Learning Scala – Week 2: Coursera And Scala Related Tools
I am a bit late with my week two summary but let’s do it anyway. Week three will be ready on Sunday. I stopped attending the Coursera class. I fought against the tools and I even managed to actually learn some Scala.
Why did I stop the course? Well, first it is absolutely not the way how I can effectively learn a new language. It just doesn’t work for me. Second, I was a bit disappointed by it. I will still watch the video instructions to know if I am right about it but currently I feel like there is some part of Scala, some part of functional programming in every weeks lectures and at the end of the day, without any prior knowledge, you know nothing about both of them. Maybe it is also just my first impression and I’m wrong.
Some people argued that I should still complete it to get the certificate. First: I do not really care about it. I do not need papers, or PDFs, to show me what I can do. Second: It will not be accepted by any university as prove that I am able to do something or learned it. And I think most, if not all, potential employers and clients also do not care about a piece of paper from an online course, especially if I can just demonstrate the skills.
The tools are still a bit strange, especially sbt and Eclipse. This is not directly Scala related since I thing I can just ignore both for now. Life is pretty easy right now.
go run foo.py,
node foo.js. One file. You can have this with Scala, too. You have the usual Java-ish stuff kit compile and than run. You have the same Java-ish stuff with specifying the classes. If you ever worked with Java you know how it will be working with Scala. Beside that you also get some nice things like an interactive shell.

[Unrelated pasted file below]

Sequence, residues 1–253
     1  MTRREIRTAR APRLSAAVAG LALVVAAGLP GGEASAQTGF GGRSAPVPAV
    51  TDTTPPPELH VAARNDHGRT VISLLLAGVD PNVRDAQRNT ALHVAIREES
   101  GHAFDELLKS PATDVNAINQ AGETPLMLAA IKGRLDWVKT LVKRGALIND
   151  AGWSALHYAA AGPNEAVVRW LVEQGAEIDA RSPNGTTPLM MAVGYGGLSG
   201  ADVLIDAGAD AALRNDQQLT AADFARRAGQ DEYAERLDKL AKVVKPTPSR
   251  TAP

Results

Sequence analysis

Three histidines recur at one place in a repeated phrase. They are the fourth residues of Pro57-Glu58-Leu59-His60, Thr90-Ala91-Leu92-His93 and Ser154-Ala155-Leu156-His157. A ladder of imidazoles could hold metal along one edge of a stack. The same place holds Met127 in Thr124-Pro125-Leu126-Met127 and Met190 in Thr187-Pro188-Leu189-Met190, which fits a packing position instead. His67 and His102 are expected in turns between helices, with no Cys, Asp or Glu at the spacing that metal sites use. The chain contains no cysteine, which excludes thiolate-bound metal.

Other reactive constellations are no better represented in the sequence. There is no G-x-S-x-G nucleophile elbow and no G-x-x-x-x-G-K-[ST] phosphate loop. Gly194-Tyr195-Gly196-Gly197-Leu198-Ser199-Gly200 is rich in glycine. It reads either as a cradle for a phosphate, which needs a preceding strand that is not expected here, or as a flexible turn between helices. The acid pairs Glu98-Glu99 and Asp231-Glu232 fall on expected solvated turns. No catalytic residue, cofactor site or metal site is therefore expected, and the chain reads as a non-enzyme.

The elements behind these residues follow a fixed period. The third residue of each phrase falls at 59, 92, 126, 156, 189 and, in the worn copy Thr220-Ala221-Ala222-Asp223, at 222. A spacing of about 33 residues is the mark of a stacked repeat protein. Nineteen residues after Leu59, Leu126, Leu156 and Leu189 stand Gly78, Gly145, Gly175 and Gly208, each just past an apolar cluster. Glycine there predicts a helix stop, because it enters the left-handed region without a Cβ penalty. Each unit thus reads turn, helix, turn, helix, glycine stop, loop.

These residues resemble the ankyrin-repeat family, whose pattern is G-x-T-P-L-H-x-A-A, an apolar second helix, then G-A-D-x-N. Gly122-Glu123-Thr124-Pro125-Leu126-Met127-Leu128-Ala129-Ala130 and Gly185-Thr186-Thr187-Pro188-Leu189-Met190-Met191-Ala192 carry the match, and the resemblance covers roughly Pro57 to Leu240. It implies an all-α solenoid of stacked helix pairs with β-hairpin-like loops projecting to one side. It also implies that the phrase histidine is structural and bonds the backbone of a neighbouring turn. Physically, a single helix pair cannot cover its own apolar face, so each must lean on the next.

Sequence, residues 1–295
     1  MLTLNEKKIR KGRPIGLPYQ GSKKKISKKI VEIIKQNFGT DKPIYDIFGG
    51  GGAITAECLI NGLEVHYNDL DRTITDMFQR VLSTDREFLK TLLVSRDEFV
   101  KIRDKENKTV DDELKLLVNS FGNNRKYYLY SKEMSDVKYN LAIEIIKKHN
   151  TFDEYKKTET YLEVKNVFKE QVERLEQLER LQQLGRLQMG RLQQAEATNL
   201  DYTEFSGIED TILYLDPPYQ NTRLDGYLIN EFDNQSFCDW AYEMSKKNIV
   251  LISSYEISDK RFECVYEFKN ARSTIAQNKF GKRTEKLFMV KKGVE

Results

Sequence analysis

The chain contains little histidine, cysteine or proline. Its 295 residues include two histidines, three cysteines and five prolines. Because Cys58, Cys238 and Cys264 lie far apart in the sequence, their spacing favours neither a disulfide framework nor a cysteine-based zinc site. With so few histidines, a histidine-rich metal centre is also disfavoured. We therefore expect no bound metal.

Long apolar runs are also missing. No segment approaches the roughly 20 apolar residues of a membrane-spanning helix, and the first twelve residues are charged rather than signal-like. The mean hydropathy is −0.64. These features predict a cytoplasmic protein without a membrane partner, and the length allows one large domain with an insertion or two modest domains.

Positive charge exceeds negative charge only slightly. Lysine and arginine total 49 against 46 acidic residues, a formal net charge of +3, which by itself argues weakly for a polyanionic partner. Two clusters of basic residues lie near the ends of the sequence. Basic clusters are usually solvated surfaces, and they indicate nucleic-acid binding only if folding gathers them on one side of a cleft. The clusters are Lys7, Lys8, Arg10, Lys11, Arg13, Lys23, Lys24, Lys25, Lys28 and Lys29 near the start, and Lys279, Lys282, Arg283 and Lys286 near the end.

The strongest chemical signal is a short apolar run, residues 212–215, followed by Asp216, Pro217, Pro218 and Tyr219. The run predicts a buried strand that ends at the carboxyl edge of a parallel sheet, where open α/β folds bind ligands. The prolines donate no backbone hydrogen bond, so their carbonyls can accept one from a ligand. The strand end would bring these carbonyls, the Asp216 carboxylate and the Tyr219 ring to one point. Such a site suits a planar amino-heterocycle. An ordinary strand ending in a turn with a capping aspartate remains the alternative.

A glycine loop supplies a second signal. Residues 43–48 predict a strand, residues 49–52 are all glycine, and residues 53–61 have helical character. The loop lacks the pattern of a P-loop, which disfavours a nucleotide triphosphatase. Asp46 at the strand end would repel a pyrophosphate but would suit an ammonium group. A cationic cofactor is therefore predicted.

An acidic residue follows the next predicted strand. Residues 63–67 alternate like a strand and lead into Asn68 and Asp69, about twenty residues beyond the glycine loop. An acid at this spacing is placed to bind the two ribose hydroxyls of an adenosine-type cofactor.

Working with Scala, right now, after the first tutorials is not really spectacular. I only made it through the basics to get an understanding of the syntax, parts of the library and some best practices. I think the “real fun” starts after I got through those things. It doesn’t make a big difference for me if I am writing Scala or Go for example. I believe line count is about the same.
What made me chuckle is the fact that using
MutableList threw a style warning that I should not use it. I’m not sure what the Coursera system used to check the code style and quality. But throwing an error for using something from the standard library is just hilarious if you ask me. “Hey – I know the people who wrote the language gave you this tool. But I think you should not use it. Because reasons (actually: mutability). Nah, they surely do not just make it unavailable or throw an error if you use it directly or warn you for using it. Thats my job. You really should not use it.”
Sadly I did not get as much done as I expected till last Sunday. But this week was a bit more productive – update will be ready on Sunday.